Zimbabwe’s opposition leader says the country’s election was rigged—and he has the evidence to prove it.
Hours after losing the election by a narrow margin, Movement for Democratic Change presidential candidate Nelson Chamisa said the Zimbabwe Electoral Commission’s numbers don’t add up. Chamisa lost the presidential vote to president-elect Emmerson Mnangagwa by 44.3% to 50.7%, respectively. In a press conference on Aug. 3, he said he his party plans to challenge the result, and asked the international community to help them use every avenue.
Zimbabweans voted on July 30, in a vote officially dubbed the “harmonized election,”—their first in a post-Robert Mugabe world. Chamisa, who challenged the results even as they rolled in, accused the electoral body of colluding with the ruling party, Zanu-PF, in power since 1980. He says the tallies announced were unverified, going as far as accusing election officials of blocking MDC agents from checking the results, as is required by law.
Describing the alleged rigging as “pedestrian,” he added, “at least [Robert] Mugabe was sophisticated” in his rigging. Chamisa says he has evidence that Mnagagwa’s numbers were inflated, particularly on the results in constituencies.
“We have statistics blow by blow on every account,” he told reporters.In one incident, for example, Chamisa said the results should have been entered into a central server as they came in from polling stations around the country. Instead, the results were input through Microsoft Excel, adding that the MDC was not allowed to enter their own numbers, even if they disagreed with the inaccurate inputting process. In an interview with South African 24-hour news station eNCA, the electoral commission dismissed the MDC’s claims. It’s unclear what Chamisa’s next move will be. He refused to reveal that, saying it would undermine his strategy. Earlier, he said police had already raided his party headquarters. Instead, he drew parallels to his predecessor, Morgan Tsvangirai, whose attempts to challenge poll results were blocked or simply ignored.
Chamisa’s press conference took an ominous turn before it even began. Without warning, riot police carrying shields and batons arrived at the Bronte Hotel in Harare where the press conference was to take place and forced journalists to leave. Live rolling coverage showed scenes of confusion as police chased journalists away and formed an intimidating line blocking entry to the hotel. With little explanation, police then left and the press conference was allowed to continue.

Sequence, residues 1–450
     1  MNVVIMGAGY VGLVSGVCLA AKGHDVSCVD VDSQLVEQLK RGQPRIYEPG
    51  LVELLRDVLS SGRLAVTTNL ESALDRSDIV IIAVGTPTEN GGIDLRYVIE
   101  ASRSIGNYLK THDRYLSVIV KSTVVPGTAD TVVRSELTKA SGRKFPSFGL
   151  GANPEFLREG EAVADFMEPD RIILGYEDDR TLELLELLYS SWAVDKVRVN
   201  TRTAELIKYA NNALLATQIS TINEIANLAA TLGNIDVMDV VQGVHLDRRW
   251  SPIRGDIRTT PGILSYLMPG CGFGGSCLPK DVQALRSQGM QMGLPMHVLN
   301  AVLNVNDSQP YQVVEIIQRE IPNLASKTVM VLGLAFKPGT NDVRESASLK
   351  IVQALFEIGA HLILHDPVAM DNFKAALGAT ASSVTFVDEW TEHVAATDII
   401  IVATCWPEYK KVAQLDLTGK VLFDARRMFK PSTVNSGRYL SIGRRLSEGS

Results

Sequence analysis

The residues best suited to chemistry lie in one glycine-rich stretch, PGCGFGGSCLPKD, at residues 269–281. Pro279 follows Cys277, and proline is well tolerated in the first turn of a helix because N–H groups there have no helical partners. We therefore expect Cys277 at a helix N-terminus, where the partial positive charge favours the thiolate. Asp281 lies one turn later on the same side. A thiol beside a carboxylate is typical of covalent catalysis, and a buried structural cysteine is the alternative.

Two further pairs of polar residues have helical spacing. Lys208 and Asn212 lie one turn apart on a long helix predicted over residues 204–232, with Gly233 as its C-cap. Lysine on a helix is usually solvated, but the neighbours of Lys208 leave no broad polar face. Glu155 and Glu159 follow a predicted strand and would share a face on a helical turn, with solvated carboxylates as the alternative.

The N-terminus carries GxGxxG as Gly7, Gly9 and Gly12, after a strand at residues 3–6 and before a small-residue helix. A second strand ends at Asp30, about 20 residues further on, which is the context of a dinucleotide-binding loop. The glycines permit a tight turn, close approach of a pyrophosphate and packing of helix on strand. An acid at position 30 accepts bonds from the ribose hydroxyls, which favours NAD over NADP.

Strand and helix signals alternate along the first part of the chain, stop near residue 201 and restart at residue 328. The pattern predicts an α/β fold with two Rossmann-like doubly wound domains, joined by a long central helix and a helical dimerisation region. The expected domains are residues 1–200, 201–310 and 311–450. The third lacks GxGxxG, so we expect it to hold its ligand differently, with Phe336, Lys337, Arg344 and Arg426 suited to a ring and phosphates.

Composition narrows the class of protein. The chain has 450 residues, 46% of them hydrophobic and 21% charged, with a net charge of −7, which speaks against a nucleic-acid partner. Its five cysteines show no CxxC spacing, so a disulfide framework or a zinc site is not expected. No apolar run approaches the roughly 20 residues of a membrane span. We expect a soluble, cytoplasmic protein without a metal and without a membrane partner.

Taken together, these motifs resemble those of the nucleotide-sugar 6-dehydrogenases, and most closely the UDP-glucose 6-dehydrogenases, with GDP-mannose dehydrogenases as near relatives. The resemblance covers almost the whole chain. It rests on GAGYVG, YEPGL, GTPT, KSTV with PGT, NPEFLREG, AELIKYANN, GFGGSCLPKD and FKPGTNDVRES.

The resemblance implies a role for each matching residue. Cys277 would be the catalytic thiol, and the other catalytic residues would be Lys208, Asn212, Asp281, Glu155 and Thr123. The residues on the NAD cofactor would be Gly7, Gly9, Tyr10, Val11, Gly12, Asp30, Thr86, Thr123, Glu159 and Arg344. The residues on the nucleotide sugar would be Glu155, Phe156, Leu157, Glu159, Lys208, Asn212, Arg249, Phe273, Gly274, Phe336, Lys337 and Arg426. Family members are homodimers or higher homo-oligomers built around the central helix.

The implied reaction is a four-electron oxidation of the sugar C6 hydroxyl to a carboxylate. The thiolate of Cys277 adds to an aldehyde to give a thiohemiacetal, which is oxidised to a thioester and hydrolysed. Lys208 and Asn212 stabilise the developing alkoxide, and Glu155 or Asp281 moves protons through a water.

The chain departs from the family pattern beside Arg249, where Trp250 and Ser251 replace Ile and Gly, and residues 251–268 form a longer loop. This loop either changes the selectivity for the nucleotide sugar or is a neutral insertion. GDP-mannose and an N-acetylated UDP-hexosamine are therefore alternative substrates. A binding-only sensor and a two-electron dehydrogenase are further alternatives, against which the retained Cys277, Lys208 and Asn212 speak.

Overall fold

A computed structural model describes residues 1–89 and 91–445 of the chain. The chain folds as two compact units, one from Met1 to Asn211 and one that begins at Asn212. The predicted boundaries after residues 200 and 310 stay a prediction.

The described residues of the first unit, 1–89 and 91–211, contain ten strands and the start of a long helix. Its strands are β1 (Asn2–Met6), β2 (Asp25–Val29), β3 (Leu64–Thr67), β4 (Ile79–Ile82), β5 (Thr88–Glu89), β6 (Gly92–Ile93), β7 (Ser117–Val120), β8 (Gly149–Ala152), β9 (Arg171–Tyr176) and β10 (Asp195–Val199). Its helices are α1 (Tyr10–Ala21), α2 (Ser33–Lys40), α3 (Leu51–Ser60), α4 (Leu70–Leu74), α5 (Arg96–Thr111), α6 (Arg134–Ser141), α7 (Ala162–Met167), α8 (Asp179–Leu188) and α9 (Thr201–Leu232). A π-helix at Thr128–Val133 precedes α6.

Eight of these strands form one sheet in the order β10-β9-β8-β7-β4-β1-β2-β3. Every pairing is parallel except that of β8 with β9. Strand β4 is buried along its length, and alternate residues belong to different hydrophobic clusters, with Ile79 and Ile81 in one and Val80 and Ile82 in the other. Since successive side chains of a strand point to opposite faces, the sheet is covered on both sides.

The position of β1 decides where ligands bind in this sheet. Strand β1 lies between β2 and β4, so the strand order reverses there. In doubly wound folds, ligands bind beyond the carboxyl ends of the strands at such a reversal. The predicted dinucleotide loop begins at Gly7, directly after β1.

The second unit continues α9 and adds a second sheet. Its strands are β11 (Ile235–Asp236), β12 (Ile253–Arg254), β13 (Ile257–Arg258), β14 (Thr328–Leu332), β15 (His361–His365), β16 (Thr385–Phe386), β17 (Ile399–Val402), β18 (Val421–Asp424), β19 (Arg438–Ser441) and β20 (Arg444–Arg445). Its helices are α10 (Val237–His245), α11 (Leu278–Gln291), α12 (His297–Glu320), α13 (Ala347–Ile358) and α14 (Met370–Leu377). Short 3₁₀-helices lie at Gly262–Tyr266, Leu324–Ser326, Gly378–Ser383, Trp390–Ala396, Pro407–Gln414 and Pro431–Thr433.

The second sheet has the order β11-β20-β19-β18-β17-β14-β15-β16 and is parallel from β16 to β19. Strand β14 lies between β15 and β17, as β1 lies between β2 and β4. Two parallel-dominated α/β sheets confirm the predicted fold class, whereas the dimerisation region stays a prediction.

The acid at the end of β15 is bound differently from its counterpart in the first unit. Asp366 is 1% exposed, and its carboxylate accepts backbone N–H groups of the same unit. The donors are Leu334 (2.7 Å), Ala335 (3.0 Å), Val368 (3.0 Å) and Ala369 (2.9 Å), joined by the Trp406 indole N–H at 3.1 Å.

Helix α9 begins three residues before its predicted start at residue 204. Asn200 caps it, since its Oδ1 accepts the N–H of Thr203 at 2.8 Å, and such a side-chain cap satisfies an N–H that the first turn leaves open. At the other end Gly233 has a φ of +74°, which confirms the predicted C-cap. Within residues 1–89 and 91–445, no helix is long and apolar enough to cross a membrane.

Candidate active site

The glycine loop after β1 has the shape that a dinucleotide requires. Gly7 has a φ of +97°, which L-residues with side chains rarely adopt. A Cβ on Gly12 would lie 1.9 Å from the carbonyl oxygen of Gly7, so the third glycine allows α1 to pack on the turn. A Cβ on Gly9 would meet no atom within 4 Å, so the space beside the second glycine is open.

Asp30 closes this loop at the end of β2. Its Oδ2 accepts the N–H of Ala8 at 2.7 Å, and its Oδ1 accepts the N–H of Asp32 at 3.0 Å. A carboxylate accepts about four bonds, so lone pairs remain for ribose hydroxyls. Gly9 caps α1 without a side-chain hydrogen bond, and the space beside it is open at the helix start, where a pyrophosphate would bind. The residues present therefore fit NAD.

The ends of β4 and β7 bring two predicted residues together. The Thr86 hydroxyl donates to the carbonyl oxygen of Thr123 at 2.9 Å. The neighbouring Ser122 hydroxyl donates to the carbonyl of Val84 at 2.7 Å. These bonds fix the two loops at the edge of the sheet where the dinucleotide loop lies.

While president Mnangagwa condemned police blocking the media, by then the images had been beamed around the world, contradicting Mnangagwa’s efforts to rebrand the country as free and the elections as fair. It became a volley of press conferences when Mnangagwa held his own briefing at the official residence.
Wearing his signature scarf in the Zimbabwean flag colors, called the July 30 poll “a festival of unfettered freedom.” Accepting his victory, he took a conciliatory tone, inviting Chamisa to work together toward unity.
“The time for politics is now behind us, now begins the time for work and progress,” he said in a read statement.
It was clear that Mnangagwa wanted to maintain the international image of a new Zimbabwe that he has tried to craft since November last year. After calling for investigations into the violence that killed at least six people on Aug. 1 and media intimidation at Chamisa’s presser, he quickly returned to his message that “Zimbabwe is open for business.”